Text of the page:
IL-1 receptor antagonist controls transcriptional signature of inflammation in patients with metastatic breast cancer.

Te-Chia Wu
Kangling Xu
Jan Martinek, The Jackson Laboratory
Robyn R Young
Romain Banchereau
Joshy George, The Jackson Laboratory
Jacob Turner
Kyung In Kim, The Jackson Laboratory
Sandra Zurawski
Xuan Wang
Derek Blankenship
Hannah M Brookes
Florentina Marches, The Jackson Laboratory
Gerlinde Obermoser
Elizabeth Lavecchio
Maren K Levin
Sookyoung Bae
Cheng-Han Chung, The Jackson Laboratory
Jennifer L Smith
Alma-Martina Cepika
Kyp L Oxley
George J Snipes
Jacques Banchereau, The Jackson Laboratory
Virginia Pascual
Joyce O'Shaughnessy
Karolina Palucka, The Jackson Laboratory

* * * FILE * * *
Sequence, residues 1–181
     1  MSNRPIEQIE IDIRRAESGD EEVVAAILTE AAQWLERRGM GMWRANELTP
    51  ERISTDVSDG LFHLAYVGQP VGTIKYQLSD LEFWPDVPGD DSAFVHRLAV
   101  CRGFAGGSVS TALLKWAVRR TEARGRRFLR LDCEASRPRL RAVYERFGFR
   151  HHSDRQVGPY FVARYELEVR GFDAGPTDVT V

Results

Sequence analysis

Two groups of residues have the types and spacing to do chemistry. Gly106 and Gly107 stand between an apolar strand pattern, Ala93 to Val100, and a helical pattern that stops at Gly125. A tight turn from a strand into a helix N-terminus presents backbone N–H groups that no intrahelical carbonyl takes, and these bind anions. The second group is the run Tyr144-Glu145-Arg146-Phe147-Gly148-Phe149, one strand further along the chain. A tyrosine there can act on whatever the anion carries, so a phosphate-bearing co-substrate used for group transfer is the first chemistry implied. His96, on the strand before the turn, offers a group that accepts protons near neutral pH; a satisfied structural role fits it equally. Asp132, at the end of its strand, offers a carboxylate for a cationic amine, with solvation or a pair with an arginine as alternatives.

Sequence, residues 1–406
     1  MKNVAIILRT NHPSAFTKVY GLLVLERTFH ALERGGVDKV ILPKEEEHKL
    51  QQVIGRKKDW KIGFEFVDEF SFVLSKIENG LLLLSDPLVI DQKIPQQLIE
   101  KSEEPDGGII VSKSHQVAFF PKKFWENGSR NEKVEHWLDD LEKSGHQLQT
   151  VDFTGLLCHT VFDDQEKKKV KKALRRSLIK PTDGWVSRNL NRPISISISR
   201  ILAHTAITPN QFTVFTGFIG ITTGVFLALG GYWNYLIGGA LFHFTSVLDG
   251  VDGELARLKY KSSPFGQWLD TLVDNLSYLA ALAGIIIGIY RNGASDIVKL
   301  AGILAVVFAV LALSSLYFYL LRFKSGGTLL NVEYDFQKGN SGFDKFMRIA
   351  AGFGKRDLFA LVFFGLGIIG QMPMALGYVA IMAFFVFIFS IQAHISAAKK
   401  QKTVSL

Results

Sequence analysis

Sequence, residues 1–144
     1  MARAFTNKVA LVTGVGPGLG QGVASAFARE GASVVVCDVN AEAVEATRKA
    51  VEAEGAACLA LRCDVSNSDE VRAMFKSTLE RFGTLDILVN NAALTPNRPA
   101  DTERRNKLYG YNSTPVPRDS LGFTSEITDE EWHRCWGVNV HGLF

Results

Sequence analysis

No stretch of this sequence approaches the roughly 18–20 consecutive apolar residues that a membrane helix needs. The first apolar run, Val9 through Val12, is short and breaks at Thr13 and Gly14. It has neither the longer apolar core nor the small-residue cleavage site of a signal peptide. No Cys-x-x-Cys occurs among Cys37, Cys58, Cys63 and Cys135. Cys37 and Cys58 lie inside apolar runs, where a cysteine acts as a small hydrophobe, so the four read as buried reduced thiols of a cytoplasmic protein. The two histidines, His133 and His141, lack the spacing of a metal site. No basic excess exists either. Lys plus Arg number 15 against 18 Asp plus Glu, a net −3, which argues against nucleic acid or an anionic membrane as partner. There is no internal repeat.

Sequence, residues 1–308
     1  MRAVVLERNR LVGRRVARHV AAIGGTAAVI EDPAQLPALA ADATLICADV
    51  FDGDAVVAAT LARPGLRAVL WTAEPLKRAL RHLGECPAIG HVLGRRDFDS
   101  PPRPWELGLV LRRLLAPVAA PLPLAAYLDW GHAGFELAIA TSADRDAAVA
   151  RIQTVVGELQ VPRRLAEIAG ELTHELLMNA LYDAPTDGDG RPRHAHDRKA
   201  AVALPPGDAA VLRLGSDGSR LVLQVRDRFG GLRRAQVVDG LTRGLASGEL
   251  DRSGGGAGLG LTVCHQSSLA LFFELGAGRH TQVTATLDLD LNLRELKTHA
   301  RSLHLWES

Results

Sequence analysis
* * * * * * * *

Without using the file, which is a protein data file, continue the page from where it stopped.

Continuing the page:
Inflammation affects tumor immune surveillance and resistance to therapy. However, no approved treatments aimed at decreasing chronic tumor-associated inflammation are available, largely due to incomplete understanding of pathogenesis. Here we show that production of interleukin (IL)-1β in primary breast cancer (BC) tumors is linked to advanced disease and originates from tumor-infiltrating CD11c+ myeloid cells. IL-1β production was triggered by cancer cell membrane-derived TGF-β, and neutralizing TGF-β or IL-1 receptor prevented BC progression in a humanized mouse model. Patients with metastatic HER2-negative BC displayed a transcriptional signature of inflammation in the blood leukocytes, which was attenuated by IL-1 blockade. When present in primary BC tumors, this signature discriminated patients with poor clinical outcomes in two independent public datasets (TCGA and METABRIC).